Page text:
The industry seemed to have turned a corner recently thanks to the U.S. economic recovery, a fresh lineup of bigger models, plus tax giveaways from President Donald Trump that made it much cheaper to purchase a plane. North America is expected to account for more than half the global market for private jets in the next five years, according to Honeywell International Inc.
Yet suppliers face another looming threat: Our rapidly heating planet might make boarding a fuel-guzzling jet seem unconscionable. In Sweden there’s even a word for this new aversion to flying: flygskam or “flight shame.” Are the super-wealthy 1% susceptible too?
It’s not just climate campaigners who think the industry has an image problem. Warren East, chief executive of the jet engine-maker Rolls-Royce Holdings Plc, said recently that aviation as a whole “is built on setting fire to hydrocarbons” and needs to wean itself off that “quite quickly.” Bombardier Inc., owner of the Learjet brand, warned in its annual report that “the impact to us and our industry from legislation and increased regulation regarding climate change is likely to be adverse and could be significant.”
The globe-trotting business elite and A-list celebrities who once made private jets such desirable status symbols certainly aren’t helping the industry’s image problem, with the media increasingly taking issue with those who preach the environmentalist faith while turning up at events in their Gulfstreams.
The British royal Prince Harry has been dubbed the “Carbon Footprince” by his country’s press after taking several private flights to the Mediterranean this summer despite his outspokenness on ecological issues. It’s doubly ironic that one of those journeys was to Alphabet Inc.’s four-day climate change summit in Sicily, where an epic queue of private jets rather undermined the well-intended activism.
You can see what the critics are getting at from a “do as I say, not what I do” perspective. Travelling by private jet produces several times more carbon dioxide than purchasing an economy seat on a commercial flight (precisely how much depends on how many people are on board and whether the jet flies home empty). The average American is responsible for about 16 tons of CO2 emissions per year. That’s already three times the global average, but it’s only a fraction of what private jets produce in a typical year.
As such, the tax advantages for private jets are very hard to justify. Nor is it helpful that many operators will be exempt from the aviation industry’s commitment – known as Corsia – to cap net emissions at 2020 levels and to halve these by 2050.(1)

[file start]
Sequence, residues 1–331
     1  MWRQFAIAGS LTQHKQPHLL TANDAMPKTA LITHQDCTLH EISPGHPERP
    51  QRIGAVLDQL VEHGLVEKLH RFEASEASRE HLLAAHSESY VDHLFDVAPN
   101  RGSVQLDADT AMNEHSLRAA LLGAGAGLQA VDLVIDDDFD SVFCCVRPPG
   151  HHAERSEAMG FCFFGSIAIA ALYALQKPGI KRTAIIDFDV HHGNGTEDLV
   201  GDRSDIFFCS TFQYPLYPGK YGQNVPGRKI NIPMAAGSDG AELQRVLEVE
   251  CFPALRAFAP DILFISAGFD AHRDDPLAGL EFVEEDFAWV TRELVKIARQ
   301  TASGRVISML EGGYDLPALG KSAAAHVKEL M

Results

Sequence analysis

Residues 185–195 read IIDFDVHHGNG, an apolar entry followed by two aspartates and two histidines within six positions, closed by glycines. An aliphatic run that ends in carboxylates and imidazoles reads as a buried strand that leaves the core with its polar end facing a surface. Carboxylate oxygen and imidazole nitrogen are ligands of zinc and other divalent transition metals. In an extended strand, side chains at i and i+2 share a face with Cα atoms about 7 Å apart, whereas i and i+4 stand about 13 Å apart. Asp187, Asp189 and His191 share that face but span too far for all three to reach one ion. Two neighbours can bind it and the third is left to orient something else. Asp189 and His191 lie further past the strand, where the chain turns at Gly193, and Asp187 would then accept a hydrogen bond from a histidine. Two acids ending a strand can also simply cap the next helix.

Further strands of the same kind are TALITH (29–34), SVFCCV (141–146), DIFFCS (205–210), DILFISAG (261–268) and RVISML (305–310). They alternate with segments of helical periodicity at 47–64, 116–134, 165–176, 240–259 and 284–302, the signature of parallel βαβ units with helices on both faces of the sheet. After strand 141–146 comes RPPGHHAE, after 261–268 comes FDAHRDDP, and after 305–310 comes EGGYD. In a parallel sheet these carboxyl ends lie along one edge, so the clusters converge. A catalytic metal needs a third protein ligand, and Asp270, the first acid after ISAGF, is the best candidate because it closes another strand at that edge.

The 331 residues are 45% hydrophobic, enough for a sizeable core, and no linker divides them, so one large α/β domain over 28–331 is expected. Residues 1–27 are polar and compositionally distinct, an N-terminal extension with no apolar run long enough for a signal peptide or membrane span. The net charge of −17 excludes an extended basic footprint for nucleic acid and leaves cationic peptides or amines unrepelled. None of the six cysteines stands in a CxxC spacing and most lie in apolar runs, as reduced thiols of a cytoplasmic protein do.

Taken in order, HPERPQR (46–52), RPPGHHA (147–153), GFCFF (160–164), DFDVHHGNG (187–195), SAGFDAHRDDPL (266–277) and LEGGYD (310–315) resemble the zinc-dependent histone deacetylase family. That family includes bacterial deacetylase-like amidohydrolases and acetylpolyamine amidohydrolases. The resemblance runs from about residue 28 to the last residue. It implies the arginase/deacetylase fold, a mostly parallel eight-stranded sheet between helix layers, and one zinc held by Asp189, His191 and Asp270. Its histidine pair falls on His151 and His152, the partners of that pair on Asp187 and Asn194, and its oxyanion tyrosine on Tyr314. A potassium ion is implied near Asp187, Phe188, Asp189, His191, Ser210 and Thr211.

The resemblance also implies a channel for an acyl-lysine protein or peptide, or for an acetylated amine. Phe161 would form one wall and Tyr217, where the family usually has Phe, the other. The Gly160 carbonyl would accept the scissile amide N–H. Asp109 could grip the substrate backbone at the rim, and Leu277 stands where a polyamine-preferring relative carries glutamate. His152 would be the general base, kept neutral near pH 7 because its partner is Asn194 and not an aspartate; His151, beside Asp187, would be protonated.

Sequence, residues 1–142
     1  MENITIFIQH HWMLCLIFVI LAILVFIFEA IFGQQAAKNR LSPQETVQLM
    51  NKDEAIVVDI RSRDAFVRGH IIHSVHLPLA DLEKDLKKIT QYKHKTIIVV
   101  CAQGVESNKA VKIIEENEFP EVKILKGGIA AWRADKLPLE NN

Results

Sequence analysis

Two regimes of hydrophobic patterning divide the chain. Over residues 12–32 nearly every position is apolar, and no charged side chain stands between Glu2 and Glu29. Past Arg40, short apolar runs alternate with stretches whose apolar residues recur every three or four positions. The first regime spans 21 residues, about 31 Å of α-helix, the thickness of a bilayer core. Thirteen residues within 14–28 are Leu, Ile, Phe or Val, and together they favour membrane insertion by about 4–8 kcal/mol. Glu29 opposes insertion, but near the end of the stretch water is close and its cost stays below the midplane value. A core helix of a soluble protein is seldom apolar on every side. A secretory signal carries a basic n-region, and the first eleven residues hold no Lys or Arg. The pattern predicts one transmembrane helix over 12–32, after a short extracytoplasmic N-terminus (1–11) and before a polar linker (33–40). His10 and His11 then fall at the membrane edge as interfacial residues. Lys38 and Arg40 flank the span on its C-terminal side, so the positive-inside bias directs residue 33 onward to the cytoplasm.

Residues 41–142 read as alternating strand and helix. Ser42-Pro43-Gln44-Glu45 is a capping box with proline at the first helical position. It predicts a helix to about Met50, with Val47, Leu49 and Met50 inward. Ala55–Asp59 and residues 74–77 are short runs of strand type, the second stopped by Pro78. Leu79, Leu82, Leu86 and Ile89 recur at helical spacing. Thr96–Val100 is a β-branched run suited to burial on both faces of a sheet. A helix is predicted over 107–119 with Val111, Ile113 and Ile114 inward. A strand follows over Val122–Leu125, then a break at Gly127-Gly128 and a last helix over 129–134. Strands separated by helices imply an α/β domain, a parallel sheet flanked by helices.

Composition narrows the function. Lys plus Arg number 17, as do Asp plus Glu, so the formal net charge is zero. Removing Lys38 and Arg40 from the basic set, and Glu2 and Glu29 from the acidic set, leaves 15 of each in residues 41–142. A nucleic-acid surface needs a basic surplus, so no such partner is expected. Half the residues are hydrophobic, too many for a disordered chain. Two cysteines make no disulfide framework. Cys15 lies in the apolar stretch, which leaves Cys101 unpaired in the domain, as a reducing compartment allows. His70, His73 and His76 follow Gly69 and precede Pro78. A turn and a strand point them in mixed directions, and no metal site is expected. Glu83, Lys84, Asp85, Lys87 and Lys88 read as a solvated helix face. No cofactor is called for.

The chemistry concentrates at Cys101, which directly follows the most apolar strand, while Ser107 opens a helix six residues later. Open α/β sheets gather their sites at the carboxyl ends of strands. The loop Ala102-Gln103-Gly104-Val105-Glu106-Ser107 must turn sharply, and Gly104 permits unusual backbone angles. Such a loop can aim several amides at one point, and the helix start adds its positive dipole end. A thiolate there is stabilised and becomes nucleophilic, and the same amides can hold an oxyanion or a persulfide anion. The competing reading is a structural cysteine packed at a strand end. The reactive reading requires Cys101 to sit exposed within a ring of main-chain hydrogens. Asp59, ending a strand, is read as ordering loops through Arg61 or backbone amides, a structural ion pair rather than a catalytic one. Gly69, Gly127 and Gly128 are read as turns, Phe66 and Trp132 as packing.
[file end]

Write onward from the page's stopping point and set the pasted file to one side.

Banning private jets, as some have suggested, wouldn’t do much to curb climate change as there are only about 20,000 of them operating today. The aviation industry accounts for about 2%-3% of global emissions and private jets perhaps pump out as little as 0.04% of the total, according to industry groups.
But symbolism matters in the climate debate. If private jet users aren’t seen to be doing their bit, they can’t reasonably expect poorer folk to make sacrifices either. While the purchase of carbon offsets to make up for the impact is worthy and rational, intellectual justifications are a hard sell on this topic.
Of course, private jets aren’t just frivolous toys, they have their uses too as a time-saving device for executives. As such, their users and makers will be eager to combat any burgeoning environmental backlash through the development of cleaner technologies. Carbon efficiency no doubt will become as important as time efficiency in selling planes.
Startups such as Eviation, as well as incumbent manufacturers and suppliers, are already plowing money into hybrid and electric aircraft. The industry is also trying to encourage operators to use non-petroleum fuels, although they’re expensive and hard to get hold of.
Because of the limited energy density of batteries, it’s probable that smaller aircraft will be the first to go electric. In the meantime, my guess is that rich folk will think twice before posting a shot of their plush planes on Instagram. The Swedes have a word for that too: smygflyga – “flying in secret.”
(1) Planes with a maximum takeoff weight of below 5700kg and operatorswith fewerthan 10,000 tonnes of annual carbon emissions are excluded. The private jet industry says it will pursue voluntarily the same goals anyway.
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Chris Bryant is a Bloomberg Opinion columnist covering industrial companies. He previously worked for the Financial Times.